11 Dec 2014
Books For Prisoners: Hundreds of books delivered to Ministry of Justice
The Howard League for Penal Reform and English PEN today (11 December) delivered hundreds of books to the Ministry of Justice (MoJ) and urged the department to send them on to prisoners.
The charities, supported by authors Francesca Simon and Miranda France, wore Christmas-themed clothing and offered mince pies to staff as they brought the gift-wrapped books into the MoJ’s London headquarters.
It was the latest action in the successful Books For Prisoners campaign, which has gathered worldwide support from across the political spectrum.
The books, donated by Howard League members, were presented less than a week after the High Court ruled that restrictions on sending books to prisoners were unlawful.
The MoJ has until tomorrow (12 December) to seek leave to appeal Mr Justice Collins’s decision.
The Howard League and English PEN called on ministers to accept the judgment and lift the restrictions quickly so that prisoners can receive books in time for Christmas.
Campaigners also urged the MoJ to relax the parcel ban further, to allow prisoners to receive other essentials, such as underwear, or small gifts made by children.
Frances Crook, Chief Executive of the Howard League for Penal Reform, said: “Christmas is a gloomy time for prisoners and their families across the country, but it is encouraging that the High Court has found the Ministry of Justice’s petty restrictions on books to be unlawful. We now hope that ministers will move quickly to ensure prisoners can receive books in time for Christmas, rather than wasting more taxpayers’ money on a costly and pointless appeal. However, that isn’t enough. In this season of giving, surely the parcel ban can be relaxed further so that prisoners are able to receive underwear and other essentials, as well as small, hand-made gifts from their children. This would help to alleviate distress in prisons at a time when they are in crisis.”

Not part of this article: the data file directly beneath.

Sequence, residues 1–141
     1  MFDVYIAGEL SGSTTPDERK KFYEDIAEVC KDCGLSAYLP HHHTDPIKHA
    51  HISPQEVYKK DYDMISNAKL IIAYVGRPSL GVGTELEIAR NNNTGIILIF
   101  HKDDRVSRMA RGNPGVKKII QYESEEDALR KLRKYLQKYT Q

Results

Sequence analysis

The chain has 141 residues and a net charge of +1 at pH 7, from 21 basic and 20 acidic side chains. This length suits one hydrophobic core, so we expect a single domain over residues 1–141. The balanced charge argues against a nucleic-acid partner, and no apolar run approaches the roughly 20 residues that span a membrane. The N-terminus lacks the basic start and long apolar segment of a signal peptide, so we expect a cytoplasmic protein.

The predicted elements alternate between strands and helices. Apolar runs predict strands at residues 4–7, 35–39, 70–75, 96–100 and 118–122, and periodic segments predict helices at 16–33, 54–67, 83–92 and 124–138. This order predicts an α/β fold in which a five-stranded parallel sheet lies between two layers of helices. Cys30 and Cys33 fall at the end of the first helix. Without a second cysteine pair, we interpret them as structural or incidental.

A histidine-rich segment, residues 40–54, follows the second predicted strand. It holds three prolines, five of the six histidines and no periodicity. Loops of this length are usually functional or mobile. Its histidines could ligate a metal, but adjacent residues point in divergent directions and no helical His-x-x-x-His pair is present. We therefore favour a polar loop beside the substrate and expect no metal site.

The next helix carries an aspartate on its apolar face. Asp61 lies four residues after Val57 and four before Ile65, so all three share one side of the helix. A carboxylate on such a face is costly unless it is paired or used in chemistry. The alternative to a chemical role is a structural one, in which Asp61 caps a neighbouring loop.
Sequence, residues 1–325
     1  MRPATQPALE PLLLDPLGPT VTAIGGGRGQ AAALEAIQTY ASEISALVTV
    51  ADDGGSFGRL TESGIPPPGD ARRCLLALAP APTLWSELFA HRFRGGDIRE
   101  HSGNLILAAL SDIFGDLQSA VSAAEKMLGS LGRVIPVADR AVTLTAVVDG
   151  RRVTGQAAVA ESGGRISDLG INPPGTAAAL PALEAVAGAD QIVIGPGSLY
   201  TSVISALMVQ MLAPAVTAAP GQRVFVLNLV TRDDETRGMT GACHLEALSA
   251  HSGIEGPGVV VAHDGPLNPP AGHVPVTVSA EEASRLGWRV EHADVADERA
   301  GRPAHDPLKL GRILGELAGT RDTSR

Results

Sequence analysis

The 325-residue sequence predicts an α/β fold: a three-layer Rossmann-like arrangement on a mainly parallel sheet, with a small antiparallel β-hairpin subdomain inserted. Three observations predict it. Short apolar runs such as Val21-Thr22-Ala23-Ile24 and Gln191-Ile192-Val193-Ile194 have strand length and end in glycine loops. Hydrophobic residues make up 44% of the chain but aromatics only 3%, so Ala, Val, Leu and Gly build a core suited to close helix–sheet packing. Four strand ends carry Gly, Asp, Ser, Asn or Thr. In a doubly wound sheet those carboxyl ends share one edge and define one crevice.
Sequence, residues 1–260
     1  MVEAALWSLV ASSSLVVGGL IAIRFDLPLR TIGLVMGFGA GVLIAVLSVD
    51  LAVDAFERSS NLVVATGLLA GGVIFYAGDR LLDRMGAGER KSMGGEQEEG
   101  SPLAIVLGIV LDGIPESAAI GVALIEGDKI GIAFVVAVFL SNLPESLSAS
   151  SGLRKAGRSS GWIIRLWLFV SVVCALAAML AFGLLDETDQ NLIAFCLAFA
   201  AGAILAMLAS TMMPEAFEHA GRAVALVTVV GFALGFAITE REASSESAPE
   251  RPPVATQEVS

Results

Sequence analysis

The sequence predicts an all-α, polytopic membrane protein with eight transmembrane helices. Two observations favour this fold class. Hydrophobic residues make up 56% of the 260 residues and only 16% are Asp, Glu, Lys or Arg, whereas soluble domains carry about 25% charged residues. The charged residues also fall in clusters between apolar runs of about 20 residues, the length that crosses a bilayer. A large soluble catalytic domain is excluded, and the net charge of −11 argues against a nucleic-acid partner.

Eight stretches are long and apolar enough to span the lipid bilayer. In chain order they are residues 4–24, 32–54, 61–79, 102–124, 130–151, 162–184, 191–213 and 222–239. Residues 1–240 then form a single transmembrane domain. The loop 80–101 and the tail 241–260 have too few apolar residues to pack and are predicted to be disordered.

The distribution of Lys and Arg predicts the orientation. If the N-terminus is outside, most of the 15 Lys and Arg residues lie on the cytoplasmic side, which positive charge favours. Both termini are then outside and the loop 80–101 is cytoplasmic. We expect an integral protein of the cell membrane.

Jo Glanville, Director of English PEN, said: “I’m hopeful that this will be the last time we need to gather in protest at the restriction on sending books to prisoners. If Chris Grayling sees sense following the welcome ruling at the High Court last week, then friends and relatives should soon be able to send books to their loved ones. This has been a short-sighted and self-defeating policy, depriving prisoners of what can be a lifeline and undermining the possibilities for rehabilitation. Public support for this campaign has been a remarkable demonstration of the widespread belief that access to literature is a necessity.”
Notes to editors
- The Howard League for Penal Reform is the oldest penal reform charity in the world. It is a national charity working for less crime, safer communities and fewer people in prison.
- English PEN is the founding centre of the international association of writers. PEN seeks to defend and promote the freedom to read and freedom to write here in the UK and around the world.
- The Books For Prisoners campaign was triggered by an article written for Politics.co.uk by Frances Crook, Chief Executive of the Howard League for Penal Reform.
- The High Court judgment, handed down on Friday 5 December, can be read online here. The case, supported by the Howard League, was brought to court by solicitor Samuel Genen.
The Howard League for Penal Reform
Tel: +44 (0)20 7241 7880
Mobile: +44 (0)7714 604955
Head of Communications
Tel: +44 (0)20 7324 2538
Mobile: +44 (0)7790 420011
Andy Aitchison (for photographs from the event)
Mobile: +44 (0)7967 353220
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